Florence – Days Four and Five

From Rome we took the train to Florence, the capital of the Tuscany region of Italy and the center of the Renaissance period. It was the birthplace of both Michealangelo and Leonardo Da Vinci. If you love art, Florence is overflowing with it! It is beautiful and romantic and full of great food and people.

One of the quaint, narrow streets of Florence. It seems like we walked through half of the city though we really didn’t see all that we wanted to!
Ponte Vecchio (Old Bridge), the oldest of Florence’s six bridges spanning the Arno River.
Best pizza eva! Made even better with a Moretti beer on the side.
A fountain of Neptune in the Piazza della Signoria (dated 1575).
A copy of Michealangelo’s David. We saw the original in the Accademia museum but weren’t allowed to take photos so this is the best we have. This one is in the Piazza della Signoria, where the original was initially placed in 1504. Seeing the real masterpiece was overwhelming. It is such a beautiful sculpture.
There are so many little cars in Italy! I think I can count the number of SUVs we saw on one hand. This is a delivery truck. Must have to make a lot of trips.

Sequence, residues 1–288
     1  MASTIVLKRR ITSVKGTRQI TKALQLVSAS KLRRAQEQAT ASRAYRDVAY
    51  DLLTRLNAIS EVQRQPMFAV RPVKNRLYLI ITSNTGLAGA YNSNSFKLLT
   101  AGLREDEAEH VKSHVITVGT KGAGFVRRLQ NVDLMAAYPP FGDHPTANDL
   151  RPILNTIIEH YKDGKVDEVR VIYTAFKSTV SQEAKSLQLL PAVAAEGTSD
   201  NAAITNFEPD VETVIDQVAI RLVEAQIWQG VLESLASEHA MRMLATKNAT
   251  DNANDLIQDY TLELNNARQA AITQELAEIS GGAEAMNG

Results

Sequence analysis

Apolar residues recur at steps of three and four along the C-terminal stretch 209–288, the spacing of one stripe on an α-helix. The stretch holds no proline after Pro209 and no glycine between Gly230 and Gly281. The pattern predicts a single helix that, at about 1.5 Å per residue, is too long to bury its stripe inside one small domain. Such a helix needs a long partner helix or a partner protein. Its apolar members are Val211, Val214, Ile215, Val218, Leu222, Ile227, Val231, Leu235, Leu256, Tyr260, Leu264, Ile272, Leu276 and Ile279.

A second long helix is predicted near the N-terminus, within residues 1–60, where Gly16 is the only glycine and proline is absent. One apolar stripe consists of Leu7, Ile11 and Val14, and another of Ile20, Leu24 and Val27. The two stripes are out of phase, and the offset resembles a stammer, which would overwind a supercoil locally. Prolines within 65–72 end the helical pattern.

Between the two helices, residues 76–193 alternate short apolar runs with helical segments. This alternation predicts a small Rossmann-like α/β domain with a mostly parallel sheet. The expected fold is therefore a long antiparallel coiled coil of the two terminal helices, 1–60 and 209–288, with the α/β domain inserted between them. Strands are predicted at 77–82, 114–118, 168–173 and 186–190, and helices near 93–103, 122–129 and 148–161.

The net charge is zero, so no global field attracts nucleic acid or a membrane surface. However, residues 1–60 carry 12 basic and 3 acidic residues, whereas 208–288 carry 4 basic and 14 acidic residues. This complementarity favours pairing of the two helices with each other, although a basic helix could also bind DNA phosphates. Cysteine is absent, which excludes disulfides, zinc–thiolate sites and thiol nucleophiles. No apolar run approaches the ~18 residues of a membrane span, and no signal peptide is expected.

One of our best meals of the trip. We waited until 9:45 to eat at this restaurant because it was recommended by our hotel and one of our guide books. Boy was it worth the wait!
This is one of the family members who owns the restaurant, Antonio Fagioli. His father started the eatery in the 60’s. He was so kind and generous!
The Basilica di Santa Maria del Fiore, or the Duomo as it is more commonly called was completed in 1436. This is the defining building of Florence’s skyline. The exterior has pink and green marble paneled sections, giant bronze doors with scenes of the Madonna and statues of the apostles in niches. The interior, while not as impressive as St. Peter’s in Rome, is quite grand. The dome is considered to be an engineering marvel. It is the largest brick/masonry dome ever constructed.
The inside of the dome, painted by several artists using different techniques.
The clock above the entrance on the inside of the church. It was designed in 1443 by Paolo Uccello in accordance with the ora italica, where the 24th hour of the day ended at sunset… and it still works!
OK, so I was wrong. Another photo of Deano in a church pew!
Standing in front of the GIANT doors of the Basilica of Santa Croce (Holy Cross), rebuilt for the Franciscan order in 1294. This is the burial place of Michaelangelo, Machiavelli, Gallileo and others.
Enjoying the Florence sunshine while eating lunch in the Piazza Santa Croce.
We got an Abbey Road vibe from this crossing so we were just being silly. Wrong country, we know, but same continent!
Gelato! I think we had gelato all but one day of the whole trip. Deelicious!
Beautiful view of the city skyline from the Piazzale Michelangelo.